Death of filly Eight Belles mars the Kentucky Derby

From ANIMAL PEOPLE, May 2008:
LOUISVILLE–Eight Belles, 3, a filly trained by Larry Jones
and ridden by jockey Gabriel Saez, 20, charged home second in the
Kentucky Derby on May 3, trailing undefeated Big Brown by four and a
half lengths, but broke both her front ankles seconds later while
“galloping out” around the first turn, and was euthanized where she
“There was no way to save her. She could not stand,”
trainer Larry Jones told Associated Press racing writer Beth Harris.
“Galloping out” is the post-race slowdown of the field.
Racehorses are stopped gradually to avoid pile-ups and injuries.
“She didn’t have a front leg to stand on to be splinted and
hauled off in the ambulance,” said track veterinarian Larry
Bramlage. “In my years in racing, I have never seen this happen at
the end of the race or during the race.”

The injuries to Eight Belles were inevitably compared to the
ankle injury at the start of the Preakness that felled and eventually
caused the death of 2006 Kentucky Derby winner Barbaro. An injury
similar to Barbaro’s ended the racing career of a colt named Chelokee
in an undercard race preliminary to the Kentucky Oaks, the race for
elite fillies held the day before the Kentucky Derby.
“Chelokee,” given only a 50% chance of survival, “was
trained by Barbaro’s trainer Michael Matz. He won five of 10
lifetime starts, including the Barbaro Stakes last May at the
Preakness,” said Associated Press.
Eight Belles sought to become the fourth filly to win the
Kentucky Derby–an event no filly has won since Winning Colors in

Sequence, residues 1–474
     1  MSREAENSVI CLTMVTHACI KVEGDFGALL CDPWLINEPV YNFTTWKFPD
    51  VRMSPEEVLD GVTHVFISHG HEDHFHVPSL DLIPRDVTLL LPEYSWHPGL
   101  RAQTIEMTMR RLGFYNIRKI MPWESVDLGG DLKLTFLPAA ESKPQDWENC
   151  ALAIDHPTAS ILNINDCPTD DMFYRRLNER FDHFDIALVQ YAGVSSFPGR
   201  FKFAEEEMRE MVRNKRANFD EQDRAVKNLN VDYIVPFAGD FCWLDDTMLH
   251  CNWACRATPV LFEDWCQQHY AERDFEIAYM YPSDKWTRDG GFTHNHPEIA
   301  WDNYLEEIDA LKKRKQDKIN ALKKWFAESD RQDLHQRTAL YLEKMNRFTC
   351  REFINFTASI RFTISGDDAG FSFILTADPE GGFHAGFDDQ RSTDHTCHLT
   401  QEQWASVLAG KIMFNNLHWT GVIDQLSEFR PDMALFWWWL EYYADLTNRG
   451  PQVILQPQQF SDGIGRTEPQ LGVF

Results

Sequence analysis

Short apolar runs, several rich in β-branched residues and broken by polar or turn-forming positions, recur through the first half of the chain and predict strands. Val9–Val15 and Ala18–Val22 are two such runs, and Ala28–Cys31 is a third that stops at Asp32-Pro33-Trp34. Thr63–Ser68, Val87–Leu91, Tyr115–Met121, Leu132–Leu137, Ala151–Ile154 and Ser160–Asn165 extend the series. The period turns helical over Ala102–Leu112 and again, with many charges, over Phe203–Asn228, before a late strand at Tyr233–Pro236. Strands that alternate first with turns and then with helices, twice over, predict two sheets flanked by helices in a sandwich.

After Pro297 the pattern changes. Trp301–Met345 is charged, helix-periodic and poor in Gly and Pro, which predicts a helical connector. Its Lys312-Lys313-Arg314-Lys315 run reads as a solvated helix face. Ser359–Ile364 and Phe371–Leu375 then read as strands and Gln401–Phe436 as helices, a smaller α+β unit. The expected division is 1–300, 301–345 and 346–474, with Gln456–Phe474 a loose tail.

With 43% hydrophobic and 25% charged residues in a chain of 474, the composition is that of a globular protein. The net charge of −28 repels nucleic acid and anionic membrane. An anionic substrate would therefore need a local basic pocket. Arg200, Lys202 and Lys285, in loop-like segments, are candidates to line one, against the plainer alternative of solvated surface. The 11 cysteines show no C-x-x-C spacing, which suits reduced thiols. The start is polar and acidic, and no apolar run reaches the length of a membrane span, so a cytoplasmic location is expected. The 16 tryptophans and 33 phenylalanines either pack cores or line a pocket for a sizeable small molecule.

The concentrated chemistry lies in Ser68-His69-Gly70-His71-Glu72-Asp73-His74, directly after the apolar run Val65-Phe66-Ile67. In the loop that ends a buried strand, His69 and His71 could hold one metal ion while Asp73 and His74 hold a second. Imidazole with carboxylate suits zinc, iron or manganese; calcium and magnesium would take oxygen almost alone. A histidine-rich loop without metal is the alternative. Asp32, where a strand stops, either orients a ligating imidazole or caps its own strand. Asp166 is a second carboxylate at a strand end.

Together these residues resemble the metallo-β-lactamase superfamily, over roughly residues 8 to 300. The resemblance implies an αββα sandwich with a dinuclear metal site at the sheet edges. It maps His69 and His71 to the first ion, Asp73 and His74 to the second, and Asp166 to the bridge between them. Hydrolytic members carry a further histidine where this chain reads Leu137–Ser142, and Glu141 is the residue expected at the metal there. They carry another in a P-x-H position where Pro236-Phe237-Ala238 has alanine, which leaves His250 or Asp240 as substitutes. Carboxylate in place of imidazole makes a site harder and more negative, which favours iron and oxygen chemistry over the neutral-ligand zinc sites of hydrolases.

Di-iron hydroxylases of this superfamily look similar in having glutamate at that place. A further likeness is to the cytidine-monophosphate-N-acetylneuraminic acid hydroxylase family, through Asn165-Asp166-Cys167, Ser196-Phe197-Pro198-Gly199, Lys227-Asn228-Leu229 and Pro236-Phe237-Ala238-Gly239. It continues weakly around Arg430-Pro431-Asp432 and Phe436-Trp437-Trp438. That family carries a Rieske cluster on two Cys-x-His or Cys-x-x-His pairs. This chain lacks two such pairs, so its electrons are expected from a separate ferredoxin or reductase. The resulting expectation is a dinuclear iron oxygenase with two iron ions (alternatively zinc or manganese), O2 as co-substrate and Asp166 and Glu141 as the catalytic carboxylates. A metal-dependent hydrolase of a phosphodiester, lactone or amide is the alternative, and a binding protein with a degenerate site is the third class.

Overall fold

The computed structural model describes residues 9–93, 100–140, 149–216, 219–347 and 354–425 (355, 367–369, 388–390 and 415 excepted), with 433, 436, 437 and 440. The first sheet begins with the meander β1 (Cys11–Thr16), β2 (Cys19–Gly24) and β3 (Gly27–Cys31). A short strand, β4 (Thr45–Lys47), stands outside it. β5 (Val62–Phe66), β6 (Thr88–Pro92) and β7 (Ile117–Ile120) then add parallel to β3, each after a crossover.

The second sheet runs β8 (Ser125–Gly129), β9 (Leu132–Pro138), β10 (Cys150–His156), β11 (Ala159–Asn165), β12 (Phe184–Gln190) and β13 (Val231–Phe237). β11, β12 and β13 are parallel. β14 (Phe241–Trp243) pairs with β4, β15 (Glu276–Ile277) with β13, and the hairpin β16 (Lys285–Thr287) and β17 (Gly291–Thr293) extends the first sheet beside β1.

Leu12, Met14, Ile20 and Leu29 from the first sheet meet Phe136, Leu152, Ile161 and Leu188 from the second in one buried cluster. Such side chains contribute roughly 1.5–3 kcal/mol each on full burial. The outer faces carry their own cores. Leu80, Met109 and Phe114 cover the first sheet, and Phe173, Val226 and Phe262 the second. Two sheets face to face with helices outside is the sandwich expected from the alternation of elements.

1988, and no filly had entered since 1999. “Her owners chose to
keep her out of the Kentucky Oaks,” said Associated Press, “so she
could run with the boys. And run she did.”
“When we passed the wire I stood up,” said jockey Gabriel
Saez, 20, a first-time Derby rider. “She started galloping funny.
I tried to pull her up. That’s when she went down.”
PETA called for Saez to be suspended from racing, but
Kentucky Horse Racing Association executive director Lisa Under-wood
told McMurray that racing stewards found no evidence of wrongdoing by
“This kid made every move the right move,” trainer Jones
told Associated Press writer Jeffrey McMurray. “He did not try to
abuse that horse to make her run faster. He knew he was second best,
that she wasn’t going to catch Big Brown.”
Jones also trained Kentucky Oaks winner Proud Spell.
PETA, the American SPCA, and the Humane Society of the U.S.
all took the opportunity to campaign for changes in horse racing,
including abolishing whipping and running on dirt tracks.
“Jones acknowledged changes could be made to make the sport
safer, although he doubts any would have saved his filly,” wrote
McMurray. “Stewards could, for example, mandate lighter whips or
riding crops, Jones said. However, he said his training program
takes great care to make sure no horse is abused, even in a rush for
the finish.”
Said Jones, “My horses don’t come back from races with welts
on their body.”
Earlier in 2008, McMurray recalled, “Jones petitioned
officials at Oaklawn Park in Arkansas to let him send out a jockey
without a whip. Jones’ petition was accepted despite initial concern
the jockey wouldn’t be able to control the horse.”
“As for the prospect of changing dirt tracks to synthetic
ones,” McMurray continued, “Jones said he supports research on how
that will improve safety. He insisted, however, that the track at
Churchill Downs was not to blame for the loss of Eight Belles.
“Churchill’s track was as close to perfect as it could be,”
Jones said. “The moisture in it was wonderful.”
“Eight Belles was a tragic manifestation of a problem that is more
pronounced every year,” wrote Andrew Breyer of NBC Sports.
“America’s breeding industry is producing increasingly fragile
thoroughbreds,” who “have shorter and shorter racing careers before
going to stud to beget even more fragile offspring.”
“The value of a horse is no longer related to how much he can
win,” agreed veterinarian Bramlage. “It’s related to how likely he
can get you to one of those events. The breed creeps toward a faster
and faster individual, but that individual may be brilliant because
of having a lighter skeleton. We’re inadvertently selecting for the
wrong thing.”

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